Over in south London later the same day, Pawson came under attack from several figures of the game for his questionable performance at Selhurst Park as United racked up consecutive league wins for the first time since August. Whether it was Marcos Rojo’s two-footed lunge at Wilfried Zaha, Paul Pogba’s offside goal from Zlatan Ibrahimovic’s handled assist, Joe Ledley’s raised arm to intercept a left-wing cross headed for Rojo, or Juan Mata coming from a seemingly onside position to tap up from Rojo’s nod-down, there was plenty of ammunition for the pro-technology camp to ponder.

Palace fans booed the referee from the field of play at half-time, while the reaction of many United supporters after the game was to question Pawson’s decision-making in the second half, and it was a typical football reaction to do so. It all really comes down to whether you believe that is a bad thing.

Is it regrettable that the referee made a number of questionable decisions? Of course it is, but let us also commend him and his fourth official for chalking off Mata’s effort for the correct, if very marginal, interpretation of the Spaniard’s positioning as he stood fractionally offside from Rojo’s header.

But also look at the wider context of the two eye-catching refereeing performances on Wednesday. In Japan, Kassai’s having to halt play, leave the field and then return to give his decision took time a significant chunk of time out of the game in what is meant to be a spectator sport. Since it was judged by the video assistant referee Danny Makkelie to be a ‘potentially match-changing’ situation, it was denied that play could be stopped to take a second look.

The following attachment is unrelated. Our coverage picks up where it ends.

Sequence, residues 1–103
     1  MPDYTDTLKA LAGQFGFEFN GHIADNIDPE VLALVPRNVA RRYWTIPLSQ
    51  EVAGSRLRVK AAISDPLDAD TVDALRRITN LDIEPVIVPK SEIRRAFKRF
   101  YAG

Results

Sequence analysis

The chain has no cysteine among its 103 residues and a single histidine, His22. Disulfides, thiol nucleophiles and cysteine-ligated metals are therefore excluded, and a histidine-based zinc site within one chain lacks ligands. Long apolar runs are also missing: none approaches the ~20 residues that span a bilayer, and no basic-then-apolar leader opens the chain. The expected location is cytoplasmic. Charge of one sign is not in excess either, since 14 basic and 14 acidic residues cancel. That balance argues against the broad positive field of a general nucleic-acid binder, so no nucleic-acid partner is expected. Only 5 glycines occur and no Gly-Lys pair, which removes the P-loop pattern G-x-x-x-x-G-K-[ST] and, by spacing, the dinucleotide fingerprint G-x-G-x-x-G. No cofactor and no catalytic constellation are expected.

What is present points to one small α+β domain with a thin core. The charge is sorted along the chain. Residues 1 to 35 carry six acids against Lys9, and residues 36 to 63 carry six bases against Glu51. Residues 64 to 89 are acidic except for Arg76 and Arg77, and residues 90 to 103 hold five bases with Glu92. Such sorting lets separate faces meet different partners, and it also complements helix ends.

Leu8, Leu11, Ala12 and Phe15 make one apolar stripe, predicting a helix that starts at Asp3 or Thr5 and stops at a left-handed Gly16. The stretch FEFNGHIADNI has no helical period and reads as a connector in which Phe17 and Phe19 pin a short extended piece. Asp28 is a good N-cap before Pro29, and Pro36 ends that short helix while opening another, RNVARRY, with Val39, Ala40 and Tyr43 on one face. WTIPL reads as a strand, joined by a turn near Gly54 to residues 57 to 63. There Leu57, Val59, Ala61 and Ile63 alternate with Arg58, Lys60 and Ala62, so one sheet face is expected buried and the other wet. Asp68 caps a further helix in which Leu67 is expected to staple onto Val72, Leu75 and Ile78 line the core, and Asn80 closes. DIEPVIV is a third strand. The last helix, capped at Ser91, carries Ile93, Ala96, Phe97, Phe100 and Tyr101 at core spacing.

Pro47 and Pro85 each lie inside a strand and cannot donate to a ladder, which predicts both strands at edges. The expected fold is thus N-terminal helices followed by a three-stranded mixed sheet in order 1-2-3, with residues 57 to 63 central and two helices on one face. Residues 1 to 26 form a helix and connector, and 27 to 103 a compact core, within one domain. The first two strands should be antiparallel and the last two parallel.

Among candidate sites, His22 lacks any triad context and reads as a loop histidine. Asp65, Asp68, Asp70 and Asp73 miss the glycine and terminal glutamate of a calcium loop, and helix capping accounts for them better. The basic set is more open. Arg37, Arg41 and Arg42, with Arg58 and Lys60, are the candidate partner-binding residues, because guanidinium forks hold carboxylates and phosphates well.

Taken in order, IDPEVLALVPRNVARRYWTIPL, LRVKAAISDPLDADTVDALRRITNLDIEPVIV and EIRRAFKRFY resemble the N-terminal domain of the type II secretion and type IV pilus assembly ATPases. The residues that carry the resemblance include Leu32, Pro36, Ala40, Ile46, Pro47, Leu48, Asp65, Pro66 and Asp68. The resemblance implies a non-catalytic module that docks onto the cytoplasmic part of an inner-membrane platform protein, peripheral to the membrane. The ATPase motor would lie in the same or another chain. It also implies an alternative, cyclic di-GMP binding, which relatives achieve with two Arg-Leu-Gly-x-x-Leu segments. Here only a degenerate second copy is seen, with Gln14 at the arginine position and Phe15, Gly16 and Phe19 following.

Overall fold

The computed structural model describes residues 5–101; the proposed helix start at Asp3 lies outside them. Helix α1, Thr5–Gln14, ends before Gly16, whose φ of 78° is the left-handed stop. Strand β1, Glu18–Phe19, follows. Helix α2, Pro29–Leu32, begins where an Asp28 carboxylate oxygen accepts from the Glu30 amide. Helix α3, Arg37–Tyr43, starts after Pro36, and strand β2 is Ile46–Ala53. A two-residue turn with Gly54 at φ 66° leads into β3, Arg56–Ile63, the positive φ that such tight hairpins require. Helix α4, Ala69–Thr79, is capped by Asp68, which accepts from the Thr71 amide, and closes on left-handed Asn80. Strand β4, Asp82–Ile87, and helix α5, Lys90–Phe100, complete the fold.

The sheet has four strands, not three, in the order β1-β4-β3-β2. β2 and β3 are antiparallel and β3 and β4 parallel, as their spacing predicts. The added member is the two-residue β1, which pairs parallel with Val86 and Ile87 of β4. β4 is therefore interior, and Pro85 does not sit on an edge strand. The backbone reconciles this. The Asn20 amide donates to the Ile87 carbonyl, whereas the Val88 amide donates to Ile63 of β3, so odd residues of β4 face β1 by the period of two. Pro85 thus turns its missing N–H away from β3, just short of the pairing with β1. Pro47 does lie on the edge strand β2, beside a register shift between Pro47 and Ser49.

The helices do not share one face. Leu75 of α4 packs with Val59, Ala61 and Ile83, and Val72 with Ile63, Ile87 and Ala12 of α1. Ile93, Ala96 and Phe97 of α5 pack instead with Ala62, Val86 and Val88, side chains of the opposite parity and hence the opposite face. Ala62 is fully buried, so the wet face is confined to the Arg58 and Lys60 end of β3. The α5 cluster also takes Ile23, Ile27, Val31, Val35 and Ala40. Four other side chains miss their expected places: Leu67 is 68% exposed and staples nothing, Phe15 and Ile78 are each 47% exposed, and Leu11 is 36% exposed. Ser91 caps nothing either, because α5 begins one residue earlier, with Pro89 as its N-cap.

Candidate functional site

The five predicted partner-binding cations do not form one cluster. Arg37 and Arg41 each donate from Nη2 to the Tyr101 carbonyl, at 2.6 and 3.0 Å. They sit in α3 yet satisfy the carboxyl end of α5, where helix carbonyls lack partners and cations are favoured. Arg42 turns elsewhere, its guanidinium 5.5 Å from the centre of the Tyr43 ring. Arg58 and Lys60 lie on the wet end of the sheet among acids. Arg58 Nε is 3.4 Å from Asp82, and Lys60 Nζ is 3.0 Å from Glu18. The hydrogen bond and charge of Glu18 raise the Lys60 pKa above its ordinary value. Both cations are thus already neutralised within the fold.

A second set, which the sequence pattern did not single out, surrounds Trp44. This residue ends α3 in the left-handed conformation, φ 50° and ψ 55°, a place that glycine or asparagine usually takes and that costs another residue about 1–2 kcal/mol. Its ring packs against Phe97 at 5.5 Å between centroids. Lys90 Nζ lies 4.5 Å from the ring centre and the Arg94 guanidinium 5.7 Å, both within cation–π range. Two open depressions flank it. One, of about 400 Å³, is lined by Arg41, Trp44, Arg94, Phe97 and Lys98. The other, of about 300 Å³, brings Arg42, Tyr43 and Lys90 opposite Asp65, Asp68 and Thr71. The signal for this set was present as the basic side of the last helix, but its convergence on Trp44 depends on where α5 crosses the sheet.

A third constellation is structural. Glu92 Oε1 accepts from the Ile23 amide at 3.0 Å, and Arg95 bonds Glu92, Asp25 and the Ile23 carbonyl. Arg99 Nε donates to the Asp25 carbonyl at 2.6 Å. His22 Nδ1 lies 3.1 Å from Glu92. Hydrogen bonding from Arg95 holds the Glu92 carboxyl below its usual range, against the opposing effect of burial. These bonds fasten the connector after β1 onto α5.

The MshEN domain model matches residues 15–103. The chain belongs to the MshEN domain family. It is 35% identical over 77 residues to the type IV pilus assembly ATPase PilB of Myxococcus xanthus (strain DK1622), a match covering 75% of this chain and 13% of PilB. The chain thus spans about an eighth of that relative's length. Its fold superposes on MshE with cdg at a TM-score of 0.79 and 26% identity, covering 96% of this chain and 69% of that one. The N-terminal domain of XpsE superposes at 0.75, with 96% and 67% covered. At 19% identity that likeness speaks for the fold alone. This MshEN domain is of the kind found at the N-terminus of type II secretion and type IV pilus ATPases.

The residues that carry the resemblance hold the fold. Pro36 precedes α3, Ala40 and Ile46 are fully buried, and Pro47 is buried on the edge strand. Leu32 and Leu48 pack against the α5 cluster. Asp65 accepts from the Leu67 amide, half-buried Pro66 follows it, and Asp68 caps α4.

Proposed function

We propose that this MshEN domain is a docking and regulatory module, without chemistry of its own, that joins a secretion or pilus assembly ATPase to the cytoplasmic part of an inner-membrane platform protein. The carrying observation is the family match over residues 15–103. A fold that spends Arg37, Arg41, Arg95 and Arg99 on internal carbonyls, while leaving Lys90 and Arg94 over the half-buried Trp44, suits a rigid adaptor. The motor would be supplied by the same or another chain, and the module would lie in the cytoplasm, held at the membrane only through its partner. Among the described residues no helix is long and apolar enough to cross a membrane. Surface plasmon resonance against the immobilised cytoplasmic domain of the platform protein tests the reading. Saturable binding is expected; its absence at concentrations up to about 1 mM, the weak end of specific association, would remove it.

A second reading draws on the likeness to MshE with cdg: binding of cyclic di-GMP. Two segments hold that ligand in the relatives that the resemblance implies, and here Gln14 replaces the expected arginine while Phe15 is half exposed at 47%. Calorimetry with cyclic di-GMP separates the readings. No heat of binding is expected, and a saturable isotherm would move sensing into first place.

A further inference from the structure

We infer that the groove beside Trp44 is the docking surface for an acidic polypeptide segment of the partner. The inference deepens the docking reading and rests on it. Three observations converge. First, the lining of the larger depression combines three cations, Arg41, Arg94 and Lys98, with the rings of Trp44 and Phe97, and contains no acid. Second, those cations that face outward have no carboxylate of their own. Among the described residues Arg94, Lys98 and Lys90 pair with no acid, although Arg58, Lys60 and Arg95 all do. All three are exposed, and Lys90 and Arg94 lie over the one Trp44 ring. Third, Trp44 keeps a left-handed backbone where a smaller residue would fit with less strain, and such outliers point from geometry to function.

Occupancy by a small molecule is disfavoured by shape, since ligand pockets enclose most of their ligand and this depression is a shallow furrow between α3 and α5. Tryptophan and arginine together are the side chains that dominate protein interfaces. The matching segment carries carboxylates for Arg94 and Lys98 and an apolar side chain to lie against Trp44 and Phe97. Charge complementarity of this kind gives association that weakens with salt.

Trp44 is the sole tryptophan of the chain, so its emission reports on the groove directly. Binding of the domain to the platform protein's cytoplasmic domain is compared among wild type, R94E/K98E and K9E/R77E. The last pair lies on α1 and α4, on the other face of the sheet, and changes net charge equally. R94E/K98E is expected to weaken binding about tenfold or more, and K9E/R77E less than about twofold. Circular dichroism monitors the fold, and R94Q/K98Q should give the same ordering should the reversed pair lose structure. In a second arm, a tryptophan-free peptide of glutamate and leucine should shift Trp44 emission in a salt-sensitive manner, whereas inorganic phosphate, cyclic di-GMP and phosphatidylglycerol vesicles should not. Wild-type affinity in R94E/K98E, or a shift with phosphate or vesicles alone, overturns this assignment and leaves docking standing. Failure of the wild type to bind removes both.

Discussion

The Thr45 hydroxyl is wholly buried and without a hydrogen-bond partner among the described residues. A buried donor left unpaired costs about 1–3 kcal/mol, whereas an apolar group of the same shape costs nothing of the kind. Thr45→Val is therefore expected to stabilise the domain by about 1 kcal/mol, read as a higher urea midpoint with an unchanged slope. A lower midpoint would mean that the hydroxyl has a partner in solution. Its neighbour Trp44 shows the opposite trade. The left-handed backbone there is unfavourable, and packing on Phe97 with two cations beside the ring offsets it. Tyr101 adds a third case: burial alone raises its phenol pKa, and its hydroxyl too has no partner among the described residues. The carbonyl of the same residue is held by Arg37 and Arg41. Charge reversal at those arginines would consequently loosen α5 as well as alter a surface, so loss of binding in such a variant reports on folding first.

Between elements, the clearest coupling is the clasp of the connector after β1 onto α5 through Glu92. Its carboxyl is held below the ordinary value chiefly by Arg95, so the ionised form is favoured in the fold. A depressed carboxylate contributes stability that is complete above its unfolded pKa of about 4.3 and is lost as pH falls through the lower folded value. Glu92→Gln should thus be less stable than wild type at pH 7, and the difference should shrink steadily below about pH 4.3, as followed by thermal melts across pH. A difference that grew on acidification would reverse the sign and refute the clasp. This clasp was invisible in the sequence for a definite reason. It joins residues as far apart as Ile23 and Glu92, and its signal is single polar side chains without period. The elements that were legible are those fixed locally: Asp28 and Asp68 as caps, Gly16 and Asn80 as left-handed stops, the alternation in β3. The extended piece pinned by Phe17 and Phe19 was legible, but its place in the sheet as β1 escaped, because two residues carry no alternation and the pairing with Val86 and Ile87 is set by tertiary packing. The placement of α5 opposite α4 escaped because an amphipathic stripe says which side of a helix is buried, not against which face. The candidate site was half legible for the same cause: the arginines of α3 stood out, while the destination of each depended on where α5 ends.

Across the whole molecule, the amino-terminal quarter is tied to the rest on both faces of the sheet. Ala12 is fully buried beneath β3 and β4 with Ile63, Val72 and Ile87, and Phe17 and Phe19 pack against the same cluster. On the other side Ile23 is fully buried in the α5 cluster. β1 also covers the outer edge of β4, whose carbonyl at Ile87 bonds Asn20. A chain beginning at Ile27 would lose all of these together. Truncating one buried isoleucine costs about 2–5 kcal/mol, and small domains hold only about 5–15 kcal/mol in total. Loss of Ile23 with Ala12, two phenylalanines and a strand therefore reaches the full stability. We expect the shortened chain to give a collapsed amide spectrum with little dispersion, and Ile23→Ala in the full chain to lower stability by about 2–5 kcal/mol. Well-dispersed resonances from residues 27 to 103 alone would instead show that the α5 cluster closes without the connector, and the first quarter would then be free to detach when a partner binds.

Yet at Selhurst Park the last thing an initially stop-start fixture could have done with was another frustrating delay while the crowd sat around to watch the referee run back and forth before deciding whether he was right the first time or not. What if a video official had asked Pawson to look at Rojo’s challenge again and the main man decided he was right in the first place? Or if he stood by his initial reaction that neither Ibrahimovic’s nor Ledley’s arms had been in an unnatural position?